“Climate refugee” is likely a new term for most Americans. Also referred to as environmental migrants, climate refugees are people who are now forced to seek refuge from the life-threatening impacts of the climate crisis.
Californians are the tip of the spear this fall as increasingly destructive wildfires drive people out of their homes — more than 200,000 just in the last couple of weeks. Soon, however, everyone in America will know what a climate refugee is. Given current estimates on sea-level rise and its threat to coastal communities, as many as 13 million Americans are projected to become climate refugees by the end of this century. That’s a lot of displacement and instability across our coasts.
For some, displacement that can be linked to climate change has already occurred. In Brooklyn, thousands of families were forced from their homes and communities by Superstorm Sandy in 2012, which flooded entire neighborhoods and left demolished houses in its wake. Many families to this day have still been unable to return home, and key pieces of infrastructure are still undergoing repair.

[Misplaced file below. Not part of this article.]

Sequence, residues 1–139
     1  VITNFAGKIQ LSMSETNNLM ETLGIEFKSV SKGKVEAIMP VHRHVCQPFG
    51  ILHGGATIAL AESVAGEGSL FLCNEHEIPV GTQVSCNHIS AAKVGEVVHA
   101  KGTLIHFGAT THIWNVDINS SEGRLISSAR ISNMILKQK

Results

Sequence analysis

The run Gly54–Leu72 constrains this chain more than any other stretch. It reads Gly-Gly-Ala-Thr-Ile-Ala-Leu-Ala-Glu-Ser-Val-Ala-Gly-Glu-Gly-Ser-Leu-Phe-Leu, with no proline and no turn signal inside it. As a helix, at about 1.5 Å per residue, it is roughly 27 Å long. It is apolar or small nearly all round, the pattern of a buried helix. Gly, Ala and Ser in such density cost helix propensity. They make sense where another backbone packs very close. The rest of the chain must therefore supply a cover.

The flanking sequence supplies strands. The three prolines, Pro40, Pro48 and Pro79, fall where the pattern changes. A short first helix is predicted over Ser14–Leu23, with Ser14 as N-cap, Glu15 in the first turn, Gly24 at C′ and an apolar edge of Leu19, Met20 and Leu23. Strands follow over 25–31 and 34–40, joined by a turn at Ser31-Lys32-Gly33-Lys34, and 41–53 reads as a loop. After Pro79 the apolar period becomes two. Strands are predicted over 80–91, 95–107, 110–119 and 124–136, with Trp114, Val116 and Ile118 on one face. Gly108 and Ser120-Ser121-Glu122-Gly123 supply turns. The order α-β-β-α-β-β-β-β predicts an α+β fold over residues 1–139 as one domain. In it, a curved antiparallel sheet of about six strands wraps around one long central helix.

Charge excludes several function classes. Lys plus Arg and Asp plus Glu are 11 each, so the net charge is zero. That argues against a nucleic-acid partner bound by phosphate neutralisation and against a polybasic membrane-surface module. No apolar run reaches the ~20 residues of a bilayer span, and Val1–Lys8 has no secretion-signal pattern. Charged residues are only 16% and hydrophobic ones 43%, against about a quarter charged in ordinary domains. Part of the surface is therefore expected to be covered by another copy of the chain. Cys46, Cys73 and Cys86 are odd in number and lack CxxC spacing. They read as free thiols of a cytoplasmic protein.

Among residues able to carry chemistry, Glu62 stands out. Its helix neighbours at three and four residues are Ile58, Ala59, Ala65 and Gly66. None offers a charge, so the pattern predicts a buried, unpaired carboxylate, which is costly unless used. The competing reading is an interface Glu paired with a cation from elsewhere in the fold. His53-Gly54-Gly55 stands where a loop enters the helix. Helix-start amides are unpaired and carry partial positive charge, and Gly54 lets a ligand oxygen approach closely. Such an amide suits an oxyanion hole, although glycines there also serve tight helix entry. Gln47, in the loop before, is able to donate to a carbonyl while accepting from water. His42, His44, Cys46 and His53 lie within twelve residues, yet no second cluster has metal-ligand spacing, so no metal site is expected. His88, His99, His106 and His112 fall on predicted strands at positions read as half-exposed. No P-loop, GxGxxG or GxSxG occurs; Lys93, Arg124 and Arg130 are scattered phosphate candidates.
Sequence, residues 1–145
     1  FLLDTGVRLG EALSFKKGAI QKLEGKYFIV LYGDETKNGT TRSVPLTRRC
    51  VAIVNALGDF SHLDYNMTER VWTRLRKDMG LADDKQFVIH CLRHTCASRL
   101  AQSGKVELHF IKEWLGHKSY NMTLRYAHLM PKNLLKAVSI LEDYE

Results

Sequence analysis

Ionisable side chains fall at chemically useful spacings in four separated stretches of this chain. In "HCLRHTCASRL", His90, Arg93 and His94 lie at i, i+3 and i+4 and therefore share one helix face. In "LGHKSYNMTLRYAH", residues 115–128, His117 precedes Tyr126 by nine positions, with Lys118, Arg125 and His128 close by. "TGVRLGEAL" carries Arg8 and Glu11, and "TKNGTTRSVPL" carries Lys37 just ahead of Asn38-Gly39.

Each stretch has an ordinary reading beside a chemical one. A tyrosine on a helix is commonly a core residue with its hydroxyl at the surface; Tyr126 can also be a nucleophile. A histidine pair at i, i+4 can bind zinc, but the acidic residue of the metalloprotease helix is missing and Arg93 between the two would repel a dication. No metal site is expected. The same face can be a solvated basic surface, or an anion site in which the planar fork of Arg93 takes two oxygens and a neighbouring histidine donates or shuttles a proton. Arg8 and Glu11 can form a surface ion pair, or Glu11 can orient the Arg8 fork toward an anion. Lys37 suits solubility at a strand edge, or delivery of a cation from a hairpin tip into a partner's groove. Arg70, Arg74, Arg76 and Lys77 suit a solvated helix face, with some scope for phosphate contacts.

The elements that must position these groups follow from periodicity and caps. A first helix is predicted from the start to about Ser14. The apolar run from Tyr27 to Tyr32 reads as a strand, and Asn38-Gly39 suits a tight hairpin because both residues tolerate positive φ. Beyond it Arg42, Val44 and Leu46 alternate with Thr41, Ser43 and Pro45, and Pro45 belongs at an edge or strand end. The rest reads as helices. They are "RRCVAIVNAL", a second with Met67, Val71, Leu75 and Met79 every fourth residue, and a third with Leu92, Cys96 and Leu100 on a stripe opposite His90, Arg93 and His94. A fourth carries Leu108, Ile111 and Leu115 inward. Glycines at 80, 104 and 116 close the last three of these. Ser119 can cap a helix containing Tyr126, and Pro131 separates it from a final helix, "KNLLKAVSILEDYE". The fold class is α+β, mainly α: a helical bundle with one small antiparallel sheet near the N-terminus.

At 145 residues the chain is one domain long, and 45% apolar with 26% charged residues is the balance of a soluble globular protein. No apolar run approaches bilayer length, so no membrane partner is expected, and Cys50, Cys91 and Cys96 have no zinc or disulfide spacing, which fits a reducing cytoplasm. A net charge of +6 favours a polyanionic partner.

Displacement on a massive scale
We can expect to see only more displacement as the climate crisis continues to worsen. The latest report by the Intergovernmental Panel on Climate Change highlights that ever more powerful tropical cyclones and floods are headed our way, as warmer ocean waters combine with rising sea levels to fuel more frequent and devastating storms.
This is our new reality: Americans having to move from their homes to avoid the climate crisis and its worst impacts, whether that be sea-level rise, flooding, wildfires, hurricanes or droughts. And many Americans don’t have the resources to just pack up and move, making the displacement all the more precarious.
We’ve seen this happen before in response to an environmental disaster. Hundreds of thousands of “Dust Bowl refugees,” for example, migrated westward in the early 1900s looking for safer ground and more protected, secure livelihoods. And now we’re witnessing it again, but this time in response to a much bigger environmental crisis and one that will last for decades, not years.
Across our coasts, from Alaska in the northwest to Louisiana and Florida in the southeast, we are facing the threat of displacement on a massive scale. In response, and for the first time ever, the Department of Housing and Urban Development has provided $48 million to move an entire community out of the Isle de Jean Charles in Louisiana to avoid coming climate impacts. And in Alaska, the village of Newtok recently secured more than $15 million to relocate households to safer ground.